Prenatal Yoga at Home

5 Helpful Tips for Practicing Prenatal Yoga at Home

When a woman becomes pregnant, her body will go through many changes. She may become bloated, she may be tired, and she may find that her back hurts.

Yoga can be the perfect exercise regimen for pregnant women because it’s very low impact. And it offers many positives, such as lifting a woman’s mood, increasing her energy, allow her to sleep better, and so much more.

By practicing mindfulness and medication, you’ll be more prepared for all the changes your body will go through during pregnancy. And you may find that you’ll worry less during childbirth because you’ll be more in touch with your body. And, if you’re feeling less stress thanks to yoga, raising a little one may also feel easier.

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When should you start prenatal yoga?

There’s really no wrong time to begin practicing prenatal yoga. However, you’ll probably find yourself feeling tired and drained during your first trimester.

And your movements may be hindered during your third trimester as you will have gotten bigger.

But, as you will be getting your energy back in your second trimester, that could be the perfect time to begin practicing prenatal yoga at home.

So, if you’re wondering what prenatal yoga is,  if it’s safe to begin practicing yoga when your pregnant and how often you should practice, please keep reading below.

We’ll also give you five helpful tips for practicing prenatal yoga at home and we will discuss which type of yoga styles are best for you to practice when pregnant.

So, keep reading as we give you the lowdown on practicing prenatal yoga at home.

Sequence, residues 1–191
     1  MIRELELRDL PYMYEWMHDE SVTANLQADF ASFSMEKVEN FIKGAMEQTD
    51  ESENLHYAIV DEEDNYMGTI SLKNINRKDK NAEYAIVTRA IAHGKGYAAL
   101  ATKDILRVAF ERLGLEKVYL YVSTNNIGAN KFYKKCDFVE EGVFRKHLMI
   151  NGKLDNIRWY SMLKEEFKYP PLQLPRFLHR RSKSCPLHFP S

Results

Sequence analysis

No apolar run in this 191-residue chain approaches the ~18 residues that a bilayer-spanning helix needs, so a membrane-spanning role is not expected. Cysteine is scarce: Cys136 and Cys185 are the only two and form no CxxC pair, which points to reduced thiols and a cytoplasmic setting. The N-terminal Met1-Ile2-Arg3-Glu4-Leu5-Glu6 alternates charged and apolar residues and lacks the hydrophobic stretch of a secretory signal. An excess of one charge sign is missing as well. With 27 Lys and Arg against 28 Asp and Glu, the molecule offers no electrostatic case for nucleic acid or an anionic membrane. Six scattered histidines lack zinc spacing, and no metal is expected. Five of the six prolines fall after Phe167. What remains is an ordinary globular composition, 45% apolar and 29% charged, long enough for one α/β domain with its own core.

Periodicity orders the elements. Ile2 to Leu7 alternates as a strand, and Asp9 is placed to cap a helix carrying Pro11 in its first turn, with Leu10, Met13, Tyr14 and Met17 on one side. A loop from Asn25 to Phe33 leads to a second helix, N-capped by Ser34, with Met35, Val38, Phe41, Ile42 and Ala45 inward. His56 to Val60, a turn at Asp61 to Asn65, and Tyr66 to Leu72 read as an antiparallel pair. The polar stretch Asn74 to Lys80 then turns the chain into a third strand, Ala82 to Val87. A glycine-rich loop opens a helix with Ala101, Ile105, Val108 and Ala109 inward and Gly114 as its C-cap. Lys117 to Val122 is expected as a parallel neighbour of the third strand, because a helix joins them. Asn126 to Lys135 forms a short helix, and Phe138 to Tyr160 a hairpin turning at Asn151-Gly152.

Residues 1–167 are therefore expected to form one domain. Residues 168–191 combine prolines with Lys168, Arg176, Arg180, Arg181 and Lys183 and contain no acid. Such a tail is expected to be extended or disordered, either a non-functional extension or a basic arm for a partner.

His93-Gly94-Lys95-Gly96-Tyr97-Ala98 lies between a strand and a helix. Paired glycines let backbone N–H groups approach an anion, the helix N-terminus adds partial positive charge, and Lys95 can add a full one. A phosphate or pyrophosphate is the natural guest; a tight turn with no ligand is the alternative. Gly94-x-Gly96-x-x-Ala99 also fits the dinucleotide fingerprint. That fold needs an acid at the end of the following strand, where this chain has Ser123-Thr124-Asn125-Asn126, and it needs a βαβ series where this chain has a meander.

What is prenatal yoga?

Although we are going to be talking other gentle styles of yoga in this article and not just prenatal yoga, here’s a broad overview of a typical prenatal yoga class that you can practice in a studio or at home.

1. Introduction

Your yoga teacher will want to know how far along you are in your pregnancy and how you are feeling.

2. Breathing

You’ll begin the class getting in touch with your breath and you’ll set an intention for your practice

3. Warmup

You’ll begin moving and warming up your muscles.

4. Modified Sun Salutation

You’ll be guided through a modified Sun Salutation vinyasa. You’ll be advised to avoid the deep bends associated with a Sun Salutation and you’ll also be asked not to jump backward or forward to get in and out of poses and instead to walk.

5. Gentle Stretches

Now that your muscles are heated up, you will be led through some gentle stretches to further awaken your body. As you stretch, you’ll be reminded to breathe, letting nourishing oxygen into your body.

6. Savasana

Although corpse pose, or savasana is usually practiced lying flat on your back, you may be instructed to use bolsters or lie on your side, depending on far along you are. You will then be instructed to close your eyes, reengage with your breathing and remember the intention you set at the beginning of the practice. After a short while, you’ll be asked to open your eyes and regain awareness.

Hopefully, after your prenatal yoga practice, you’ll feel rested, refreshed and ready to go!

Is it safe to start yoga when pregnant?

It’s a good idea to check with a doctor before starting yoga, whether you’re pregnant or not. If your doctor gives you the OK to start practicing yoga, then by all means, begin.

As we said above, you may be too tired to practice yoga in your first trimester. But your energy will have returned in your second trimester and you will benefit from the gentle stretches you’ll get in a prenatal yoga class.